Electroencephalography (EEG) is one of the most commonly used methods to measure brain activity in humans and lab animals. Surface EEG signal depends on both the amplitude and spatial synchronization of underlying neural activity.
Noninvasive EEG measurements are easily combined with other techniques like behavior testing and micro-dialysis. Understanding the effects of test compounds on the activity and function of the brain are essential in drug development, continuous EEG following acute or chronic compound treatment in combination with multiple animal model researches and behavioral testing.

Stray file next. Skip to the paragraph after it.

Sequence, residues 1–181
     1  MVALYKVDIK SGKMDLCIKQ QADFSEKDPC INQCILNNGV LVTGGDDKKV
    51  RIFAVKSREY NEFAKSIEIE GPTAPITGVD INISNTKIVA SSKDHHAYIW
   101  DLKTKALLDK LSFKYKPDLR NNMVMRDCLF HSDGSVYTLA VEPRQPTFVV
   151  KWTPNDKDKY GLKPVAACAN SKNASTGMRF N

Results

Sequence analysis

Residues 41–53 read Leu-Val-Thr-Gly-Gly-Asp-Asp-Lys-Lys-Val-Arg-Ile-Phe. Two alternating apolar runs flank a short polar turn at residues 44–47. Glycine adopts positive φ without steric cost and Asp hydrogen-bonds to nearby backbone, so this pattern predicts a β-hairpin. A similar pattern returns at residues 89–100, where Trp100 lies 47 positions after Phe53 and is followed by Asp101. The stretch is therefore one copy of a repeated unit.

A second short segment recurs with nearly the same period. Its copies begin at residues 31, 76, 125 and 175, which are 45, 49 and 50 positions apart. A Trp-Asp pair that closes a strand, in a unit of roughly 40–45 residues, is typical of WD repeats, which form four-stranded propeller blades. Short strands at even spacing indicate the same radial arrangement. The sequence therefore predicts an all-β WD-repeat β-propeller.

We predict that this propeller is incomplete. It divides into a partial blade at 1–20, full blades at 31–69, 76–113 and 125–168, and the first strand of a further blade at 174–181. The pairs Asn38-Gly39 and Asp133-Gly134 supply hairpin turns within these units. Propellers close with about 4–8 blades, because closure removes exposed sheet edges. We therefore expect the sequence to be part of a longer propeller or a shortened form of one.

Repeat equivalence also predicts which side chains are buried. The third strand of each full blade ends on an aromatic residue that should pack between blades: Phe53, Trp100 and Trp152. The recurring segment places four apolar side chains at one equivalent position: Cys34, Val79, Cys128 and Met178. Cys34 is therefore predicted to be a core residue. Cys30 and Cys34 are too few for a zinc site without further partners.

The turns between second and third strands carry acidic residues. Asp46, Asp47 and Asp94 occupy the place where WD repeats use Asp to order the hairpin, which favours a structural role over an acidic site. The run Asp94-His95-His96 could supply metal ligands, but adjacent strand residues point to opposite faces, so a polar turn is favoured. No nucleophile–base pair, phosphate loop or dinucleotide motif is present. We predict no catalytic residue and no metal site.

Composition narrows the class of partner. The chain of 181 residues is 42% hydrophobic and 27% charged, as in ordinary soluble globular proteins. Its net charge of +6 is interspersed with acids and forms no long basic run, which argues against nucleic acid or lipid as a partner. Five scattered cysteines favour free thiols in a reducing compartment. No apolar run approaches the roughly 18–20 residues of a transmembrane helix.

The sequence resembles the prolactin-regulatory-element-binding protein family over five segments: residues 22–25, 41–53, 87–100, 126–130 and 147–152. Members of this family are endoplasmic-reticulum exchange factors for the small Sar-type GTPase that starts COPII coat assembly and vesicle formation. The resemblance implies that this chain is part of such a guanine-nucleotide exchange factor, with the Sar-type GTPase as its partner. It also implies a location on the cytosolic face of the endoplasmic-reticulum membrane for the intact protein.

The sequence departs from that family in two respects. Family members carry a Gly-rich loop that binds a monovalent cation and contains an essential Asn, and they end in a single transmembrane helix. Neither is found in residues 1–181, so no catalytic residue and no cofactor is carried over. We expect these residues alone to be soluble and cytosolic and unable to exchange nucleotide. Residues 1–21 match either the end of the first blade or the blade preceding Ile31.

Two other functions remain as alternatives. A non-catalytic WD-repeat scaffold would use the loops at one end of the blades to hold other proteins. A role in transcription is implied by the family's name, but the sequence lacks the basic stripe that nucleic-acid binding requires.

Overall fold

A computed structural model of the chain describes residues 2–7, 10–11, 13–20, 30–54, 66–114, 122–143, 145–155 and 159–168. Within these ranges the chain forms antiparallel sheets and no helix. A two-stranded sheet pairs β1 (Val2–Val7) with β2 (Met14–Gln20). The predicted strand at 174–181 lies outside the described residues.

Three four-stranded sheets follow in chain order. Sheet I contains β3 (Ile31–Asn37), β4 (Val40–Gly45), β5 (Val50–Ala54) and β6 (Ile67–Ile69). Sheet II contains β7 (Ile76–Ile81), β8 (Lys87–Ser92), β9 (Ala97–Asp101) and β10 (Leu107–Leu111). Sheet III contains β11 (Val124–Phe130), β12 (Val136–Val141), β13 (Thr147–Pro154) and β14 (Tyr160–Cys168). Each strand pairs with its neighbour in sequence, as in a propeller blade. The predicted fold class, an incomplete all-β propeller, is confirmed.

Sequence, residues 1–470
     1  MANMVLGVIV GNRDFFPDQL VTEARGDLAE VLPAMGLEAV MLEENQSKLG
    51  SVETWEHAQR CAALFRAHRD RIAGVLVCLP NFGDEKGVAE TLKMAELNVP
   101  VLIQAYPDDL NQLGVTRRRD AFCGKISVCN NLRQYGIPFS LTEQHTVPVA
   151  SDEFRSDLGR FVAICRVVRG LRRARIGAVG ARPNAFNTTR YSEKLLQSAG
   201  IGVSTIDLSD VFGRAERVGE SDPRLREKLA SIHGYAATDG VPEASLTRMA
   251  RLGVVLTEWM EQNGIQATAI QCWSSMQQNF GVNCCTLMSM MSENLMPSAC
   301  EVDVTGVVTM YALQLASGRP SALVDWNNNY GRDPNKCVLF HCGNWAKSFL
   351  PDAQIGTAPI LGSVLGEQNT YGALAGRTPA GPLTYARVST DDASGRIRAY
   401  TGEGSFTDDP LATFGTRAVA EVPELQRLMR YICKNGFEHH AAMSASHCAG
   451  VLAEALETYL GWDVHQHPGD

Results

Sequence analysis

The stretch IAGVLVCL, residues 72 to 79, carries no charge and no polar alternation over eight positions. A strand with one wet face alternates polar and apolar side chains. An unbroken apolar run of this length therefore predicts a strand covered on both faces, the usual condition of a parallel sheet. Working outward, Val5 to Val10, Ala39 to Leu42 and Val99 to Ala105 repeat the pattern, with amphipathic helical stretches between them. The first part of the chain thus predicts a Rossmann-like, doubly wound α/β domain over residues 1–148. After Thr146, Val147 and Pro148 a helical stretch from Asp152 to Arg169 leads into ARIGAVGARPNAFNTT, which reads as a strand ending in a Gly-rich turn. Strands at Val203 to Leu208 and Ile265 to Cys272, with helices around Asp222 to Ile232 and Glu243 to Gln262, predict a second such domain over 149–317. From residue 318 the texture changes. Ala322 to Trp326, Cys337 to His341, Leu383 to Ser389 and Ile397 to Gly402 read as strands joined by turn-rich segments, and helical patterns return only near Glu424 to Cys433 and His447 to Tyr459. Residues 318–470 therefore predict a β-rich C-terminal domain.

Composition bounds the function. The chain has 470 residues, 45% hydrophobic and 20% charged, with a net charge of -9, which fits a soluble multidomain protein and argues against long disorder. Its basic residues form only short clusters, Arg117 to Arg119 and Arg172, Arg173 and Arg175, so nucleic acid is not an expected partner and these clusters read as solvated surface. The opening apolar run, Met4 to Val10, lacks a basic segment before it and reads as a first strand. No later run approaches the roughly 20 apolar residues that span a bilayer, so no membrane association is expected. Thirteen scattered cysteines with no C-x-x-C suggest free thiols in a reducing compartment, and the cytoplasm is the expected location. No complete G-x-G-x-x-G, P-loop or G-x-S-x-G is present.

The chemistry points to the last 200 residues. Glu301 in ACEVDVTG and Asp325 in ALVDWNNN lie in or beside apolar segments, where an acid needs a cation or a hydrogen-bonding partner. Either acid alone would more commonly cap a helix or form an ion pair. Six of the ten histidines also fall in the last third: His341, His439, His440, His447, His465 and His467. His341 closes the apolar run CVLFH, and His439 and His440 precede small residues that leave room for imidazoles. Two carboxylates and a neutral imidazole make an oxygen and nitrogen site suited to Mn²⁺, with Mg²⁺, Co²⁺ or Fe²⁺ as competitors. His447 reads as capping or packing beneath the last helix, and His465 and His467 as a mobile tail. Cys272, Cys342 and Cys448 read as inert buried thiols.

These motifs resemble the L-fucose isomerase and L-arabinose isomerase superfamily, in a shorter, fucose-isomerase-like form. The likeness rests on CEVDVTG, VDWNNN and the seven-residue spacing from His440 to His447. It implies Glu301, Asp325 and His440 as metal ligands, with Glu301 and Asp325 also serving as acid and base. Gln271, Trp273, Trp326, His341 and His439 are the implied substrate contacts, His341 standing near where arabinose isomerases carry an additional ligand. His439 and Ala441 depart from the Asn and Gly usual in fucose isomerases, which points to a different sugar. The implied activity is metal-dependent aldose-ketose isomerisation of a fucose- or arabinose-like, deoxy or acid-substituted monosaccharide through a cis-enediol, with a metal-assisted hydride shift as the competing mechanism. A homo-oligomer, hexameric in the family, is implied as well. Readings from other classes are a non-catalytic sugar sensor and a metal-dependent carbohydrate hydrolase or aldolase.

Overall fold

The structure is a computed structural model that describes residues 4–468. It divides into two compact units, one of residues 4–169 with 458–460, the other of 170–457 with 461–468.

Fig. 1 Effects of lidocaine on single-trial EEG and LFP
Here in Acroscell, we use EEG monitoring to assess changes in sleep state and electrical activity associated with neurological disease models. Using a telemetric approach, EEG patterns indicative of changes in underlying neuronal function are recorded and show specific rhythmic activity that can be used as characteristic translational biomarkers.
Musall S, et al. Effects of neural synchrony on surface EEG. Cereb Cortex. 2014; 24: 1045–1053.